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Burlington County Freeholder Director Kate Gibbs and Deputy Director Linda Hughes announced today that the Freeholder Board has taken an important step in advancing equal pay for women as the County continues to actively promote gender equality in the workplace.
“The unfortunate reality is that a wage gap between men and women persists across the country regardless of industry, occupation, or education level,” said Director Gibbs. “This unequal situation hurts not just women in the workplace, but their families as well. As Freeholder Director, I will work to ensure that Burlington County continues to be part of the solution, not part of the problem.”
During its meeting tonight, the Freeholder Board adopted a resolution prohibiting all County departments from asking job applicants for their past wage history or investigating the prior salaries of their applicants. This action will immediately guarantee that county employees, regardless of their gender, are earning salaries that are commensurate with their qualifications, experience, and skills.
The County’s new equal pay policy is identical to Executive Order #1 signed last week by New Jersey Governor Phil Murphy.
“For years, the County has combated gender inequality by creating paths for women to begin and advance their careers,” said Deputy Director Hughes. “Burlington County has the distinction of being the only county in New Jersey in which the Freeholder Director and Deputy Director positions are both held by women.”
In addition to Director Gibbs and Deputy Director Hughes, other women in leadership positions at the County include: Sheriff Jean Stanfield, Surrogate Mary Ann O’Brien, County Administrator Eve Cullinan, Warden Mildred Scholtz, Holly Cuccuzzella, Director of the County Health Department, Shirla Simpson, Director of the County Human Services Department, Mary Pat Robbie, Director of the County Department of Resource Conservation, Ranjna Das, Director of the Burlington County Library System, and Gina Wheatley, Clerk of the Board.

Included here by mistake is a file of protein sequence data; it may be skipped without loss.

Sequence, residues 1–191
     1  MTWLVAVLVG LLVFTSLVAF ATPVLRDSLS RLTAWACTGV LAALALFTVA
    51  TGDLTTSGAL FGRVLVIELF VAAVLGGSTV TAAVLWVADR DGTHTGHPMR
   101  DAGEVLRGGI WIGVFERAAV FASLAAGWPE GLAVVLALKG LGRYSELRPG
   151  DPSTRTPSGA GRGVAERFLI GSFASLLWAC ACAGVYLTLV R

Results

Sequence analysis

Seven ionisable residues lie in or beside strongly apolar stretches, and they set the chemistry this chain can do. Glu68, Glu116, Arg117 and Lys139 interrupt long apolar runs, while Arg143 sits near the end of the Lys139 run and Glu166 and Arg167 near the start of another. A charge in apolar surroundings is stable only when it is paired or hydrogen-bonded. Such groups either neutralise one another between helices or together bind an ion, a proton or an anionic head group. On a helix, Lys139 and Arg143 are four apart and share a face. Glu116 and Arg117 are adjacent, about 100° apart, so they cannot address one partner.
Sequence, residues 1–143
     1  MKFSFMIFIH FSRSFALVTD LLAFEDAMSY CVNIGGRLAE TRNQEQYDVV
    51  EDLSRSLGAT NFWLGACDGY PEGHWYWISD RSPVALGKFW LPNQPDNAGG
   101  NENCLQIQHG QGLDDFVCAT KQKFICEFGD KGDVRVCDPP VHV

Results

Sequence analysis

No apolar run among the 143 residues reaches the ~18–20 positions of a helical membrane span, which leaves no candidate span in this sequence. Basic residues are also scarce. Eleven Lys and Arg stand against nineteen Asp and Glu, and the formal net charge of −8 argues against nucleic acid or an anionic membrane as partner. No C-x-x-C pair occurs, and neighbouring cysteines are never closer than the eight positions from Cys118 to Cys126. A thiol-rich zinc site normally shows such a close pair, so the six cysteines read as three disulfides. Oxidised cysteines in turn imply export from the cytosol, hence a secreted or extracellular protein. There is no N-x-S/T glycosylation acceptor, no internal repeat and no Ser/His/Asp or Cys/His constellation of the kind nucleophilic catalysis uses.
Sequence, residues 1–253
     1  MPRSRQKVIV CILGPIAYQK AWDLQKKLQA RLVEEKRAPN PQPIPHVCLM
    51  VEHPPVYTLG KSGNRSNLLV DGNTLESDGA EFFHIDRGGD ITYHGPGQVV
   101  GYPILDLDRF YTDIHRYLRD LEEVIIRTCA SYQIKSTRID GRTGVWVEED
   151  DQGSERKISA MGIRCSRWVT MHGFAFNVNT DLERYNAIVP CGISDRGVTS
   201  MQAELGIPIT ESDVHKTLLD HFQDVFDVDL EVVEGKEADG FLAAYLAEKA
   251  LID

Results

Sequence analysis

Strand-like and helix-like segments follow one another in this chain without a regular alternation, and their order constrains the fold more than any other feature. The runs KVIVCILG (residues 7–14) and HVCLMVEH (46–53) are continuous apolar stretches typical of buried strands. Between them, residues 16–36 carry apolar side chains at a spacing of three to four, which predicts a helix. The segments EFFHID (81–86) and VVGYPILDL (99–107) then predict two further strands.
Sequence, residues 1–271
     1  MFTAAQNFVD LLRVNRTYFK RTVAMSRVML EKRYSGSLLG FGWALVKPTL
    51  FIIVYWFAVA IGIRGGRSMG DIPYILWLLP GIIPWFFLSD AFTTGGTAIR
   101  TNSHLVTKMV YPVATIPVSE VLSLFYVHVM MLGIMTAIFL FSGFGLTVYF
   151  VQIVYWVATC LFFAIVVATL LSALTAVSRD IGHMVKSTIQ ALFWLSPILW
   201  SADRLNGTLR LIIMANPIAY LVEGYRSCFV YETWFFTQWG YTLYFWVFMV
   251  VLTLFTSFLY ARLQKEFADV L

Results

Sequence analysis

“While we give attention to gender equity and equal pay through this resolution, it is important that we advocate for other issues impacting women in our communities as well,” added Director Gibbs.
Director Gibbs has made it a priority to grow the Burlington County Advisory Council on Women, which works to identify and address issues that affect women in Burlington County, raise public awareness of the special needs and roles of women, and enhance the quality of life for all women. Additionally, she has directed the County’s Department of Human Resources to provide mandatory sexual harassment training and retraining for all county employees.
“These steps will help to make certain that Burlington County government remains as a positive and welcoming work environment for all and may serve as an example for others in our county and region to follow,” concluded Director Gibbs.